Keywords: Fields, Mamie Garvin,; Dressmaking; African American women; Social media; Branding (Marketing); Memes; Beauty, Personal; Gender-nonconforming people; Overweight persons; Beauty contestants; Beauty contests; White supremacy movements; Women, Black; Wo
      PubDate: 2018-06-05T00:00:00-05:00
       
  • Controlling Beauty Ideals: Caribbean Women, Thick Bodies, and White
           Supremacist Discourse
    • Abstract: During the European colonial period, travel writers in Africa drew on and contributed to a European discourse of black womanhood that ascribed a big body to all black women and used it as a signifier of otherness, their inferior phenotype, and lesser culture and intelligence. The depiction of colonized black women in these writings represented them as having monstrous, "unwomanly" bodies that were not beautiful and admired as were the delicate bodies of their white counterparts. Perhaps the most iconic figure in this regard is that of Saartjie Baartman, the so-called "Hottentot Venus." Baartman, a South African slave, was brought to Europe in 1810 for the purposes of displaying her enlarged—by colonial ... Read More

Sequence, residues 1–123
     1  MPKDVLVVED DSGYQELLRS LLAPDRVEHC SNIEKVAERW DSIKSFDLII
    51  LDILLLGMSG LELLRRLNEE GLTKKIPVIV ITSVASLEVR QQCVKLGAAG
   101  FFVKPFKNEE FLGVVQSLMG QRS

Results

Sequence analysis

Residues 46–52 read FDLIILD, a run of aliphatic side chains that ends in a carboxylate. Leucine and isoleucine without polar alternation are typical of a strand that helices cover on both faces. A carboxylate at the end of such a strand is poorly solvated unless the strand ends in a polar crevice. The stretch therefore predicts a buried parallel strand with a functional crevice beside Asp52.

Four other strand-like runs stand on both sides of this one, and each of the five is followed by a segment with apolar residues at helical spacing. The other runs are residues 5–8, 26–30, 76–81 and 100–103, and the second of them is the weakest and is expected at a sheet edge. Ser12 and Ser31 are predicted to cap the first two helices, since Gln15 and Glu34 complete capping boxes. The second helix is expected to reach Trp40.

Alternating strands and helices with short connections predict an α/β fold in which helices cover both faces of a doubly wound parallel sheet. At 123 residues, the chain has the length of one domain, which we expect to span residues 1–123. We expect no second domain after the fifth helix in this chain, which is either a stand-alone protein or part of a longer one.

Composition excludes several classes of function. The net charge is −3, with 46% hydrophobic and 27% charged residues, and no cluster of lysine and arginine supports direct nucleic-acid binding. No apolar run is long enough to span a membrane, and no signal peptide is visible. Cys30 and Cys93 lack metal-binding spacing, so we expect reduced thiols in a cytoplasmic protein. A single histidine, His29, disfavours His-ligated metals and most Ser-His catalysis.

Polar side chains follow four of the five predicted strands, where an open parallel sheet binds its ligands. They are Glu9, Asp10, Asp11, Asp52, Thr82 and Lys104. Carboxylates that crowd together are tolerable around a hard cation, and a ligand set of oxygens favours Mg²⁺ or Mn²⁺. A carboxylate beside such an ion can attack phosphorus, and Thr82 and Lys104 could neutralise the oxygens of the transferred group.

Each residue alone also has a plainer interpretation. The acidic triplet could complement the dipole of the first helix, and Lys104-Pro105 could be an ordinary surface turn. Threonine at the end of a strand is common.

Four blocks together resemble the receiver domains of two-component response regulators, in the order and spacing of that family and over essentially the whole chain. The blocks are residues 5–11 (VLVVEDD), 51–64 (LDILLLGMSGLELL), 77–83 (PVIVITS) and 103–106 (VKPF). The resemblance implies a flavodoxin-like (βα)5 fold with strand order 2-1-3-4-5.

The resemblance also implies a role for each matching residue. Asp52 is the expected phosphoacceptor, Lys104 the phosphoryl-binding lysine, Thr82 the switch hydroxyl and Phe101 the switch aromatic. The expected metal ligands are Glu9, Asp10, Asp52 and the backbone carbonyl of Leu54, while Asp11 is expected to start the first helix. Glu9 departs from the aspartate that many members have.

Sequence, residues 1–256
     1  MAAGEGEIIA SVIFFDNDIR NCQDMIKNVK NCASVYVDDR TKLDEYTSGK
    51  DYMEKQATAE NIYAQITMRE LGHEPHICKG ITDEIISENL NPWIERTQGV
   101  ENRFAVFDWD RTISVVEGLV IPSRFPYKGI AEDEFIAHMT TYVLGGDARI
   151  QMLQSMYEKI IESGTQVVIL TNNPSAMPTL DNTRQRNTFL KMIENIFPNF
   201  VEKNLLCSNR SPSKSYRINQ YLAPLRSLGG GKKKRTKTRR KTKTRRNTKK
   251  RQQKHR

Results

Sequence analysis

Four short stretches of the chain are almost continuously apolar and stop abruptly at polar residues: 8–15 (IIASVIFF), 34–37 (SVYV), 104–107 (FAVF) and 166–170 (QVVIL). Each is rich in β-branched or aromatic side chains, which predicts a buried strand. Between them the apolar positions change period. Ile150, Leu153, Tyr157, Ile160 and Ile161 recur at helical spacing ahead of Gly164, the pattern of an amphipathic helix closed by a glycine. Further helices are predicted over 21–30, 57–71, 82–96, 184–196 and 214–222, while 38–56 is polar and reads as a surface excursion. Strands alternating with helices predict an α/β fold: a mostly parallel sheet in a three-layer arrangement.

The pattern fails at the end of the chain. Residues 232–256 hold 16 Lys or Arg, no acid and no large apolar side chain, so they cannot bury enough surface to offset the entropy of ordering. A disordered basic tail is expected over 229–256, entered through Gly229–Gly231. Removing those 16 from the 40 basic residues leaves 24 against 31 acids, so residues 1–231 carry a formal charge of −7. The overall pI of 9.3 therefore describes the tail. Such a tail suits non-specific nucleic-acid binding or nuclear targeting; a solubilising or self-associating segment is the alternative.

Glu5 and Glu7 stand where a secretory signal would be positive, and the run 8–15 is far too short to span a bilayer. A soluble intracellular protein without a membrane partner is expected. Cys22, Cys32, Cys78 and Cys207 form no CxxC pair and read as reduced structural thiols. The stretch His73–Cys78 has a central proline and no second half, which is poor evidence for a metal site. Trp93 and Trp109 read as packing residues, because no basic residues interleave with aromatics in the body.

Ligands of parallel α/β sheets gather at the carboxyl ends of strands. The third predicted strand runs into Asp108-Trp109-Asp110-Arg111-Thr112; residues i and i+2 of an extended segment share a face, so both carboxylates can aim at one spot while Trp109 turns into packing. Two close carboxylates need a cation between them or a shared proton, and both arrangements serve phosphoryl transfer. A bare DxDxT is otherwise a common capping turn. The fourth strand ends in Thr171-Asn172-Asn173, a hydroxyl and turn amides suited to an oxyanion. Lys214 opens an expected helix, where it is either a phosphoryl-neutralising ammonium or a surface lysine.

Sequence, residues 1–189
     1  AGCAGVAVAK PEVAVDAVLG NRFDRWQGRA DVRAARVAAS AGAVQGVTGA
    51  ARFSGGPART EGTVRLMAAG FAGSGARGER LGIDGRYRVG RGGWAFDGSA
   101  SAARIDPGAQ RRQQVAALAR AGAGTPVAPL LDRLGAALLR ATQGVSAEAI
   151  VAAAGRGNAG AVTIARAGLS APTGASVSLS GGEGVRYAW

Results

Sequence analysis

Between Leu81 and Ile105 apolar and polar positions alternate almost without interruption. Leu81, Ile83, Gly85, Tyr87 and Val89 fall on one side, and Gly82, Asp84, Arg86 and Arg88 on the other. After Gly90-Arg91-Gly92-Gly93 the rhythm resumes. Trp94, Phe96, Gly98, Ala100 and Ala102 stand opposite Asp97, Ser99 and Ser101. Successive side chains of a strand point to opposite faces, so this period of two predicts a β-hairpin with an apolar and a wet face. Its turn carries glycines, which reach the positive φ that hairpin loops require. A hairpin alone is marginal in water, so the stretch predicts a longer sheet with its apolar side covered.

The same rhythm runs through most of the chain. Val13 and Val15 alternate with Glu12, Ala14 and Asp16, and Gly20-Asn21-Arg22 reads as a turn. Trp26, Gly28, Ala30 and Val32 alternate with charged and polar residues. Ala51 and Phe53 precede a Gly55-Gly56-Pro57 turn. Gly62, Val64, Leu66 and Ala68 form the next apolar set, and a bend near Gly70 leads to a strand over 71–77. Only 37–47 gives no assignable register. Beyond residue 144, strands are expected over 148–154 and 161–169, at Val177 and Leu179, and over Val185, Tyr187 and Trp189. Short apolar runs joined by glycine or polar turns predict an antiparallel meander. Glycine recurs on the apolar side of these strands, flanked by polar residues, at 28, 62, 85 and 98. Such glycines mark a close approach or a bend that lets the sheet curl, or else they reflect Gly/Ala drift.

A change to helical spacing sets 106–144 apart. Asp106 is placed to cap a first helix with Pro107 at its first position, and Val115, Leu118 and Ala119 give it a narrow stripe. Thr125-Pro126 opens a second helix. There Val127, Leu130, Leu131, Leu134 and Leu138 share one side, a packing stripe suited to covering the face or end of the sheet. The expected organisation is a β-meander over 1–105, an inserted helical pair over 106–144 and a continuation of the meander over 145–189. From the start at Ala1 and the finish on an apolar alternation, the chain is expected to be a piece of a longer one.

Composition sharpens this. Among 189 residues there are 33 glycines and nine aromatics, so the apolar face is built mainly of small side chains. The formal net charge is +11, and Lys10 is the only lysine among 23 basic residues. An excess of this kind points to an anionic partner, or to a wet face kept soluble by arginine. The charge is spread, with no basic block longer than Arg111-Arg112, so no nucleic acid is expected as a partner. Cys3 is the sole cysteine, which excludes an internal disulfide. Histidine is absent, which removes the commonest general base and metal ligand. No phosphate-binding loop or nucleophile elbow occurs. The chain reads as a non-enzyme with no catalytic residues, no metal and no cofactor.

Keywords: Fields, Mamie Garvin,; Dressmaking; African American women; Social media; Branding (Marketing); Memes; Beauty, Personal; Gender-nonconforming people; Overweight persons; Beauty contestants; Beauty contests; White supremacy movements; Women, Black; Wo
      PubDate: 2018-06-05T00:00:00-05:00
       
  • Note from the Board
    • Abstract: Elena Glasberg and Elizabeth Wissinger Beauty is a killer. It hurts. That is the consensus of the authors collected here. It hurts to be beautiful. And it hurts even more not to be beautiful. This conundrum may explain why the conversation around beauty keeps lingering: the more you critique beauty, the more its mask, its allure, becomes real. If beauty is the hazy cultural fantasy that has real consequences, insisting on its materiality and on the materiality of the female body might kill beauty—before it gets you. But do the authors in this issue want to kill beauty, really' No. Because, for them, beauty is a real, and necessary, enemy.Beauty is a cultural ideal suited for humanities; a measurable (if highly ... Read More